A reader sent a link to the following paper. I had no idea.
Abnormal Returns from the Common Stock Investments of the U.S. Senate, by Alan J. Ziobrowski, Ping Cheng, James W. Boyd and Brigitte J. Ziobrowski, Journal of Financial and Quantitative Analysis, 2004, vol. 39, issue 04, pages 661-676.
The actions of the federal government can have a profound impact on financial markets. As prominent participants in the government decision making process, U.S. Senators are likely to have knowledge of forthcoming government actions before the information becomes public. This could provide them with an informational advantage over other investors. We test for abnormal returns from the common stock investments of members of the U.S. Senate during the period 1993-1998. We document that a portfolio that mimics the purchases of U.S. Senators beats the market by 85 basis points per month, while a portfolio that mimics the sales of Senators lags the market by 12 basis points per month. The large difference in the returns of stocks bought and sold (nearly one percentage point per month) is economically large and reliably positive.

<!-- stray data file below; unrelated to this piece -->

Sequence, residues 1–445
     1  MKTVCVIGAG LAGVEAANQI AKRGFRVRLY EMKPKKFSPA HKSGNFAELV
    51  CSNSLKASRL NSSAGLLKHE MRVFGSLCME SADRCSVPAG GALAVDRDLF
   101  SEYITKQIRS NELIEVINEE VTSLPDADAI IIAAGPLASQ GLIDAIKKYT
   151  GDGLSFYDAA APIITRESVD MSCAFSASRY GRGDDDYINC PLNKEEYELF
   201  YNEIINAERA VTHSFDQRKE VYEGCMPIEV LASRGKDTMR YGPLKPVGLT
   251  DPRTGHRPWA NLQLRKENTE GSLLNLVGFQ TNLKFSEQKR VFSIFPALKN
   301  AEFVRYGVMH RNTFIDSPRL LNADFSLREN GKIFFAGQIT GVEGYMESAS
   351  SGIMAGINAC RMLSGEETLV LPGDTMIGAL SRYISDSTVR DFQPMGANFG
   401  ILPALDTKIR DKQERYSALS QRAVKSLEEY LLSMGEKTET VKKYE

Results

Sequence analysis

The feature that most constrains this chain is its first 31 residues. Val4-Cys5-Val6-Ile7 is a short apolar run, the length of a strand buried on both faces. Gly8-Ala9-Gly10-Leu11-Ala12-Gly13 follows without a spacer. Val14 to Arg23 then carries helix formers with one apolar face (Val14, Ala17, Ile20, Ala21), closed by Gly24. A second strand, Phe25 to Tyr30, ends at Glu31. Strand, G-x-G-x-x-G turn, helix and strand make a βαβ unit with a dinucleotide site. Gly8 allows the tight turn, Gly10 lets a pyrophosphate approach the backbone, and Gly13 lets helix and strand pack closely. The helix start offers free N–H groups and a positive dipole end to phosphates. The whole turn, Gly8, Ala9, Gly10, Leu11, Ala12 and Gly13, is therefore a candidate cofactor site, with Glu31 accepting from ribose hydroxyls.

Your tax dollars pay those savvy senators for early access to the information upon which they may be trading. Sounds rather unsavory. However, this study was conducted during the pre- or very early internet age. Whatever informational advantage senators have, it’s likely smaller now.